Our modern world arose accidentally, amid a folly of Reason. Revolutionary France, passionate to overthrow the old world of kings and their whims, posited a world informed by Enlightenment-style rationality. Months named for Roman gods were replaced with 12 units, each with three 10-day weeks (and five or six days of rational celebration to finish the year). In the Notre Dame Cathedral, the statue of the Virgin Mary was replaced with a Goddess of Reason.
Most fatefully, several hundred local systems of measurement across France were replaced with the metre, a standard based in part on an erroneous estimation of Earth’s arc. Established in 1799 and followed by other standardised measures, a system that grew from an abstract attachment to reason truly revolutionised the world.
It gave us the Industrial Revolution. Patents stated how things could be built, but uniform machine tooling and identical execution by blueprints with standard metres and inches enabled factories of identical mass production. These made products of uniform quality, creating reliable experiences of consumption. In turn, these were regulated to promote public health, and fetishised by modern advertising and branding as reliable fulfillments of desire.
Much good may have resulted from our transformation of the world, but we have also come to a new phase of logical lunacy, argues Jerry Z. Muller, a professor of history at the Catholic University of America. His new book, “The Tyranny of Metrics,” is an impassioned essay on the unintended, and often disastrous, consequences of fealty to numbers over experience-based personal judgement.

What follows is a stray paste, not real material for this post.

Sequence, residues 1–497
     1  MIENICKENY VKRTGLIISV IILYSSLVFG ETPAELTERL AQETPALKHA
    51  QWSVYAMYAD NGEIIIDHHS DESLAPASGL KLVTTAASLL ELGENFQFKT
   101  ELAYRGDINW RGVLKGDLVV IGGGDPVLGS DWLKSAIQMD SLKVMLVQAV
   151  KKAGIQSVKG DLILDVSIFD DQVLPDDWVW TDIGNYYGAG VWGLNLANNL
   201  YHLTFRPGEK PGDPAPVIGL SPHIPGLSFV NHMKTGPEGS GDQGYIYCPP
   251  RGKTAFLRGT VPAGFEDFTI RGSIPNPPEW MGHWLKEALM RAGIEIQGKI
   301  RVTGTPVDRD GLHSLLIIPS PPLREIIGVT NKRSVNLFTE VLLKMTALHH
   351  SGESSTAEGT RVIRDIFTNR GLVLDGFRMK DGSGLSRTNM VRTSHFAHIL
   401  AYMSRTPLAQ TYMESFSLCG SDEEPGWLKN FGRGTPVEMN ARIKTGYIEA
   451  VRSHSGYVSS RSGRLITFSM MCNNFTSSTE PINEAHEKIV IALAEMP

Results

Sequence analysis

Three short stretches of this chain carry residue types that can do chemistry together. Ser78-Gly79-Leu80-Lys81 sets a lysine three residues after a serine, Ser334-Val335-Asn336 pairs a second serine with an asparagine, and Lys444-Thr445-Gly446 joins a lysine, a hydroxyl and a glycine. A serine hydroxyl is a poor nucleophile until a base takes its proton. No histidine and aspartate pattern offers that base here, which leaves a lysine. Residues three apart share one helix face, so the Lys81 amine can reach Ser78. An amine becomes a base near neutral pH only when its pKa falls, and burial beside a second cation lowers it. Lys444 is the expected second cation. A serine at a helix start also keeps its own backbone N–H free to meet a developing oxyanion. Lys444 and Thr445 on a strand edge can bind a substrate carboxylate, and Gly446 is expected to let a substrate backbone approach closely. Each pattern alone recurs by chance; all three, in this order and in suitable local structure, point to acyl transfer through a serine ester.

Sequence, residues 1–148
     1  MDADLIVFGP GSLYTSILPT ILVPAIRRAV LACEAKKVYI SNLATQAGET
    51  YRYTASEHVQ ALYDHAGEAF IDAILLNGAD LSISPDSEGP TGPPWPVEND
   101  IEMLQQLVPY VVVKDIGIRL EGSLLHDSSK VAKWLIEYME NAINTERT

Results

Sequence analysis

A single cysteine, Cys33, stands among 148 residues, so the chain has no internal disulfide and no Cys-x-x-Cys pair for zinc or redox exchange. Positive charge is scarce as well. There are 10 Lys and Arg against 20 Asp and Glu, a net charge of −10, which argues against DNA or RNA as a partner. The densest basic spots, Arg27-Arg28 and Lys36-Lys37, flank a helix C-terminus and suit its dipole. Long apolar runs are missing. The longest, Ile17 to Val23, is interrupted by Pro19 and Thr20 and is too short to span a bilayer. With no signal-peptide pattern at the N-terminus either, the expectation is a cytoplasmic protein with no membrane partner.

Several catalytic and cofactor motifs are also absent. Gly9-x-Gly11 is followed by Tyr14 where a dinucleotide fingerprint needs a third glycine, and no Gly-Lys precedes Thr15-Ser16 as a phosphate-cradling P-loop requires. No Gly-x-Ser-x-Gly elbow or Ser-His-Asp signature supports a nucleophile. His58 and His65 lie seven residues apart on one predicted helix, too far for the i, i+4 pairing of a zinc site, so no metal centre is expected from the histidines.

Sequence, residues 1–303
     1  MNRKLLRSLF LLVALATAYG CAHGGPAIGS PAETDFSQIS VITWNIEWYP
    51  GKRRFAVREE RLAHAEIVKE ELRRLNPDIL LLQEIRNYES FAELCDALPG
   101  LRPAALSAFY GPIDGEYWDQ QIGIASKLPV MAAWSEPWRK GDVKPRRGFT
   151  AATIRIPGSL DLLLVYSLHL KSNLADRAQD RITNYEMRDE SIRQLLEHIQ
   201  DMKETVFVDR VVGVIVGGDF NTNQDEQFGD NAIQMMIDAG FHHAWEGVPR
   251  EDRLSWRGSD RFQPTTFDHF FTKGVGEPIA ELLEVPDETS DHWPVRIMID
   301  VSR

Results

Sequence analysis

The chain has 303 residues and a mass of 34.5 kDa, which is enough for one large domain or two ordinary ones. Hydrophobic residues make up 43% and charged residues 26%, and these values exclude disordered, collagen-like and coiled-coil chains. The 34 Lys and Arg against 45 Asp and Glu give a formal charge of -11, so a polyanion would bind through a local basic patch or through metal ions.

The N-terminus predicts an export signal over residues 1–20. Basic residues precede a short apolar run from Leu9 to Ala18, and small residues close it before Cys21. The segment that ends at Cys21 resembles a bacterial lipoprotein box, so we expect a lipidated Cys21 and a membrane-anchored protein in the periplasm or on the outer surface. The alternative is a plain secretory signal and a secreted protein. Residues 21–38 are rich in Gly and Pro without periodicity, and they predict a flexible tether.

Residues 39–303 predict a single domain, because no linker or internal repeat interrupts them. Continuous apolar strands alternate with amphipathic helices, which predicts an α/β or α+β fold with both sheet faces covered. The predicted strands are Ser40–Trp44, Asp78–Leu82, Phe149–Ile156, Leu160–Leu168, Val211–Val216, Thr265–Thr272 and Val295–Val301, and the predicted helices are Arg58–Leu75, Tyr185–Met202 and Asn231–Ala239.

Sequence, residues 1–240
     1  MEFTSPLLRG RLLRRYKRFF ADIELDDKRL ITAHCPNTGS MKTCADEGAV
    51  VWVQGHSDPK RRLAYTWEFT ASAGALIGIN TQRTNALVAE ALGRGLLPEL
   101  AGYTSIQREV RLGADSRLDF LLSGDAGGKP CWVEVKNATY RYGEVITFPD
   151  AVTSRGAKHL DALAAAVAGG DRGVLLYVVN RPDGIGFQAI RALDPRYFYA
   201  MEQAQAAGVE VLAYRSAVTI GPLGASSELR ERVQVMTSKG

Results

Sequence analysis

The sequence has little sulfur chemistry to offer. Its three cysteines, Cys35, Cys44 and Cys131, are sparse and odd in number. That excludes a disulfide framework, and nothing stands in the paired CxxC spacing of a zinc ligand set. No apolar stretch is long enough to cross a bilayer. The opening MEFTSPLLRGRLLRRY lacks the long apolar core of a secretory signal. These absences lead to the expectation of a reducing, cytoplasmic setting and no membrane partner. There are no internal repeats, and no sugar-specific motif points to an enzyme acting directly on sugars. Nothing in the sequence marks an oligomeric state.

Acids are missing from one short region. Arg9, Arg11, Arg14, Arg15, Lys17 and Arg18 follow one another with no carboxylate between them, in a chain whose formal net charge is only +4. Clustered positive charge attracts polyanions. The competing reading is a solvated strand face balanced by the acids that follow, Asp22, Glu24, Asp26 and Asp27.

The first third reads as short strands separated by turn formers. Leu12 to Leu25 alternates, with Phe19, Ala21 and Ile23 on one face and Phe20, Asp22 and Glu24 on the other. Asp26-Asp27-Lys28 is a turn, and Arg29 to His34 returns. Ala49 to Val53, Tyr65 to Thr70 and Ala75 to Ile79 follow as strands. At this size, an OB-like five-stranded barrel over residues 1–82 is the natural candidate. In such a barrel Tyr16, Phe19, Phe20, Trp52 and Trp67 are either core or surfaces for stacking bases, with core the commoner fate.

Metrics have been in the background for a long time, across much of our world. Uniform police behaviours and procedures for court evidence began with standard measurement. We filled standardised factories with workers paid by the standardised hour (incidentally changing human sleeping habits, so we could be at work on time). And in time, we created the idea of “scientific management” — the standard measurement of worker behaviours first championed by Frederick Winslow Taylor in 1911.
To a great degree, measuring and managing has proven a wonder. When one looks at rises in national GDP over the past several centuries, the most striking increase happens not with industrialisation alone but with the rise of managed bureaucracies.
Yet a passion for number-based outcomes has also created disasters. Robert McNamara based his Vietnam victory strategy on body counts. This effort to make death correlate to loss of a will to fight led to an escalation of US violence, along with cynical “book cooking,” like counting water buffalo and peasants among the dead of the Viet Cong. There was also the Soviet Union’s dedication to the agricultural and industrial goals of various five-year plans (including projects like a five-year plan to dominate chess), no matter what the human cost.
Muller touches on McNamara, then delves into a series of newer metric misadventures: hospitals gaming admissions to juice their numbers, police mischaracterising crimes so they’ll look good in the data, billions in misallocated foreign aid, and the 2008 global financial crisis.
In nearly every case, bad data was treated as a form of truth, and manipulated by its collectors to suit a poorly conceived data-based rewards system imposed from afar.